D&D General Need wheat. Too dangerous. (worldbuilding)

Guang

Explorer
I've been having a suspension of belief recently over a commodity that is buyable just about anywhere - bread.

Here's what got me stuck:

1. Bread is a cheap, freely available staple food.
2. You need huge fields outside the walls to make lots of bread.
3. Huge fields outside the walls will inevitably be attacked and overrun.
4. No more bread.

Assuming 1-3 to be true, how do you fix this problem while keeping bread generally cheap and plentiful?

Long distance trade from a fabled land of wheat where there are no monsters? Dwarven underdark wheat, grown in deep basements, if there is such a thing?
I'm just drawing a blank, since every town should be surrounded by acres and acres of wheat fields, and so many places in many different settings, that just isn't possible. 1 cup of flour would need maybe three square feet of wheat plants. That's an awful lot of land to protect.

ideas pls?
 

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Ancalagon

Dusty Dragon
I've been having a suspension of belief recently over a commodity that is buyable just about anywhere - bread.

Here's what got me stuck:

1. Bread is a cheap, freely available staple food.
2. You need huge fields outside the walls to make lots of bread.
3. Huge fields outside the walls will inevitably be attacked and overrun.
4. No more bread.

Assuming 1-3 to be true, how do you fix this problem while keeping bread generally cheap and plentiful?

Long distance trade from a fabled land of wheat where there are no monsters? Dwarven underdark wheat, grown in deep basements, if there is such a thing?
I'm just drawing a blank, since every town should be surrounded by acres and acres of wheat fields, and so many places in many different settings, that just isn't possible. 1 cup of flour would need maybe three square feet of wheat plants. That's an awful lot of land to protect.

ideas pls?
So, you are talking about wheat, but really, what you are concerned about is agriculture. It doesn't matter if you are growing wheat, rice, barley, turnips, or you have sheep grazing, agriculture need lots of land.

Agriculture cannot co-exists with large quantities of rampaging monsters. You are completely right about this. This means that there has to be "civilized" areas where agriculture is possible. Areas with lots of monsters simply don't have a lot of humans living there. It's "the wilderness".

The best solution is to have "wild" areas and "agricultural" areas. I will note that there is a LOT of bad world design out there.
 


The firstborn of every farmer is taught that on the winter solstice, a human sacrifice must be given in each small town to He Who Walks Between The Rows, to ensure the fields and harvest are protected from the monsters that stalk the wild. The chief minister of nearby cities know this, and quietly make condemned prisoners available. But some years there aren't enough prisoners, or some prisoners escape en route, and then the harvestmen don their mouthless masks and wheatsheaf crowns, and with sharpened scythes seek out travellers whose blood can feed the soil for the coming year.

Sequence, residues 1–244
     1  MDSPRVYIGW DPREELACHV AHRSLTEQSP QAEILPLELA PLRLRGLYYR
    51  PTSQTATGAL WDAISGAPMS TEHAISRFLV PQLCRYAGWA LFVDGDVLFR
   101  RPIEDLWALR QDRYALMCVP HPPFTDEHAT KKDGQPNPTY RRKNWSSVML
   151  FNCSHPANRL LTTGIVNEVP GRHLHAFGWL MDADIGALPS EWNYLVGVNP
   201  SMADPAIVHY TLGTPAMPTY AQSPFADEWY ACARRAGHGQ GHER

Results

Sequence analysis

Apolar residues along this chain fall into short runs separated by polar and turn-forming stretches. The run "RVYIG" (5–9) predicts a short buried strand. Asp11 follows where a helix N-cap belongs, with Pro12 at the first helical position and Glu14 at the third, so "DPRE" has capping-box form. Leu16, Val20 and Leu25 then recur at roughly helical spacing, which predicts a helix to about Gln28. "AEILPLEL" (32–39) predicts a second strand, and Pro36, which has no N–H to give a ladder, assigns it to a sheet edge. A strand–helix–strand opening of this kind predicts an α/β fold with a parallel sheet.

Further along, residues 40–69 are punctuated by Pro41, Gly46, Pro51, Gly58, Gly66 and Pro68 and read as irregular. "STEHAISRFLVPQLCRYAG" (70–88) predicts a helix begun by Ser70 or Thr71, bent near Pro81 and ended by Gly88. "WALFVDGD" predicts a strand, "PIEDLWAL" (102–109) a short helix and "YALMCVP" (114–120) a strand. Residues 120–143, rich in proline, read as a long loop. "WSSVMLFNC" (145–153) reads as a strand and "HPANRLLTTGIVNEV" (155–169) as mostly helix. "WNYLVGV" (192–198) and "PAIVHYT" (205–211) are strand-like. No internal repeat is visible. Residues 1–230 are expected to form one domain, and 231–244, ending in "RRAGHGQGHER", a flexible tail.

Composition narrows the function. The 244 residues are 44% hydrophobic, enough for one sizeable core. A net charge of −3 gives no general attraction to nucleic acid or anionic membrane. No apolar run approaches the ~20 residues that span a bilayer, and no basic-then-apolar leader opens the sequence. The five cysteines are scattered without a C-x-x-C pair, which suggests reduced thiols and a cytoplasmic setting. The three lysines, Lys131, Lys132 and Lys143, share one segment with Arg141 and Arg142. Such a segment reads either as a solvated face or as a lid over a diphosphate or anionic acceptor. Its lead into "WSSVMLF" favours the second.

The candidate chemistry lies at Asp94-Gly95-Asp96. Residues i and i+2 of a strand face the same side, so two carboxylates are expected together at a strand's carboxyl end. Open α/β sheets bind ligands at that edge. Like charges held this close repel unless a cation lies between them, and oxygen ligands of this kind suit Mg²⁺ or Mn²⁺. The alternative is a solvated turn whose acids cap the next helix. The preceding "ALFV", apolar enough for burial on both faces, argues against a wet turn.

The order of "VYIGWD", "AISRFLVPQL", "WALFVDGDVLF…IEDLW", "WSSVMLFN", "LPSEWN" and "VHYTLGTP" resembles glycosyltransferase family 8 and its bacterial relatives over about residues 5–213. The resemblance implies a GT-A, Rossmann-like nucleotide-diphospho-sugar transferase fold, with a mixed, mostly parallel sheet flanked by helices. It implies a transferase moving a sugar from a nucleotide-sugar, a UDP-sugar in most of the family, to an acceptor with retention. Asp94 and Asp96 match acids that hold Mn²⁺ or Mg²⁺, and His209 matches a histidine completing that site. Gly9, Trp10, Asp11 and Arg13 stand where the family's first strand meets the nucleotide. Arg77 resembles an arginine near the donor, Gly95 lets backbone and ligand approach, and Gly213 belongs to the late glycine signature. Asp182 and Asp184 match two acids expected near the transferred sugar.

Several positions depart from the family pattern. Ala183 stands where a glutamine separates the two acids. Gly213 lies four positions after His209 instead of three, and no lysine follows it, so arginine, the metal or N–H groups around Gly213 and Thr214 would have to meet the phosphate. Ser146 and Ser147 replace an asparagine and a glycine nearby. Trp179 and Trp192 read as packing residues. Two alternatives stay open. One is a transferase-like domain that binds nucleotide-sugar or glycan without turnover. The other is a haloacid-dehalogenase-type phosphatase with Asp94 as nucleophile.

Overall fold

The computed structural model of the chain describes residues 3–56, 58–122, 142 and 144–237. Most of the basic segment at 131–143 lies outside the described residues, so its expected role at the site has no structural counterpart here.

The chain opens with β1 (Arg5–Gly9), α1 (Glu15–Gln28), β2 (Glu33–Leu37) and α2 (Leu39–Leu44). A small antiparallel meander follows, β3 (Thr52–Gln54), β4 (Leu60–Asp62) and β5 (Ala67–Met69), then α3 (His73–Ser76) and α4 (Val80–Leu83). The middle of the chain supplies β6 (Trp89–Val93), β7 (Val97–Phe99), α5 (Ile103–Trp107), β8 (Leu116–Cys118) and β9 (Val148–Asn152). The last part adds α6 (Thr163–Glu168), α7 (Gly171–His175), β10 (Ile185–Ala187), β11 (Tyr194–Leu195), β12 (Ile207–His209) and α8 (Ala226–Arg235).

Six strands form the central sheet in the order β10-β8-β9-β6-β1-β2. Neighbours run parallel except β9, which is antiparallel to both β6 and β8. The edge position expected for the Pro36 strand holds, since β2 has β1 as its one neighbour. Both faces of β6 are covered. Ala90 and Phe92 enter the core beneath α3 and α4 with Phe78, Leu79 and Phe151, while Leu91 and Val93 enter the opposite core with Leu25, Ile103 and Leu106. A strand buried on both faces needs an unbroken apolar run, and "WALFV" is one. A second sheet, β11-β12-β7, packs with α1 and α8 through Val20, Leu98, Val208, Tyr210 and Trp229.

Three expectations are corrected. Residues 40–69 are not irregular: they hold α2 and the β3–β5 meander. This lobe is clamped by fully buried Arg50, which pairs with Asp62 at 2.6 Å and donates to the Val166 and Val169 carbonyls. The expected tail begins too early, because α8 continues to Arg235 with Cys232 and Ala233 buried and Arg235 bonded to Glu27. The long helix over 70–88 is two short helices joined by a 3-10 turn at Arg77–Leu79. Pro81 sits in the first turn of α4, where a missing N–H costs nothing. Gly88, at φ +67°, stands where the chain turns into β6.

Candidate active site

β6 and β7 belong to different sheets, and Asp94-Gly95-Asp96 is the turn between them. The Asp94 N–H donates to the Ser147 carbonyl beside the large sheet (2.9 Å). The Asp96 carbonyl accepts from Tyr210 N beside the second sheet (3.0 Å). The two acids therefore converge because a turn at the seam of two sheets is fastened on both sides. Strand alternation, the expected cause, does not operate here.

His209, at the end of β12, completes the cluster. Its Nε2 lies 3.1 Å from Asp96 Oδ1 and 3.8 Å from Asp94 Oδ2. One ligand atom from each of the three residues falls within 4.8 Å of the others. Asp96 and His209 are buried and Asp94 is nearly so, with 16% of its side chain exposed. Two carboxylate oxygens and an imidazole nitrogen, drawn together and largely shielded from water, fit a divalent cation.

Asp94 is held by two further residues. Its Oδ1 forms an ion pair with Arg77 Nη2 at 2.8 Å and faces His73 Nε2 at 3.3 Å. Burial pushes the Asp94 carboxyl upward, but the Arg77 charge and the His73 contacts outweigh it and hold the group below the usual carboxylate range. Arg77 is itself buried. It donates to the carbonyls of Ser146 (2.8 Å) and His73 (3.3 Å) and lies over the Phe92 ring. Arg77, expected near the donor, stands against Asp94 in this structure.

Or else, more prosaically, what @Ancalagon said...
 
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Remember that in the real world, or at least in Europe, the vast majority of war and battles happened between Spring planting and Fall harvesting. Maybe your fantasy kingdom maintains that same large army during that time of year and no one is foolish enough to attack while the crops are growing. Or in a fantasy world, maybe the monsters are only active when the weather turns cold, and in the hotter part of the year, they stay inside their deep, dark tunnel systems.

It was also not vast fields of crops, like in modern times. The individual farmer, with a small section of planted land, or maybe a local lord with a decent, but still relatively small area, that their serfs farmed for them. So a village or two, or some small farms, getting pillaged and burned will not have an effect on the bigger cities.
 

doctorbadwolf

Heretic of The Seventh Circle
Everyone else has made great points, but I’ll add some fantasy ideas that don’t require blood sacrifice (as much as I like the harvestmen with their mouthless masks).
  • Urban farming is a real thing and the only modern tech it requires is plumbing, and even that can be arranged in a high precipitation area. Lots of flat roofs with earth and crops, hanging “gardens” full of produce, fruit trees in every street, etc.
  • Walled farms. Corrugated brick walls can be quite strong with fewer bricks by not being as thick as a strait wall has to be, and intelligent birds can be trained to keep watch and summon help.
  • Standing armies that protect the land as their primary gig.
  • Greenseers (civilized druids) that command beasts to protect the farms.

 

Ancalagon

Dusty Dragon
Another element of answer - one that is very 5e:

Large number of humans are scary as heck. A hundred archers will murderize most monsters with ease. So it is conceivable that a portion of the wilderness has been cleared by humans for agricultural use.

Who cleared it? Maybe by those archer levies. Maybe there is an empire with legions. Witchhunters, monster slayers, adventurers.

In some cases perhaps there are alliances, or compromises, between monsters and humans. There IS a troll under the bridge, and you better pay the toll - that's his job. In Warhammer you can hire ogre mercenaries. Feys fed with offering of milk and cookies by peasants, keeping other monsters at bays. Goblins given free reign of the sewers who naturally defend them from other monsters. A dragon, who demands a yearly tribute but defends the valley. A vampire who has a blood tax.
 


Charlaquin

Goblin Queen (She/Her/Hers)
To give a more serious answer, 3 is just not compatible with 1 and 2. If you feel this discrepancy needs addressing, you need to change at least one of those three world building assumptions. Either bread must not be a cheap staple food, the wheat fields must be built within well-defended walls, or attacks on wheat fields that overrun them must not be inevitable.

There are many ways you could go about this. Maybe bread is actually very expensive, and its role as a staple food is replaced by something else that can be grown more safely, or produced magically. Maybe developed cities make defense of their wheat fields a priority, protecting them with sturdy walls, well armed and trained militias, and/or magic. Or, maybe attacks on wheat fields just aren’t very common.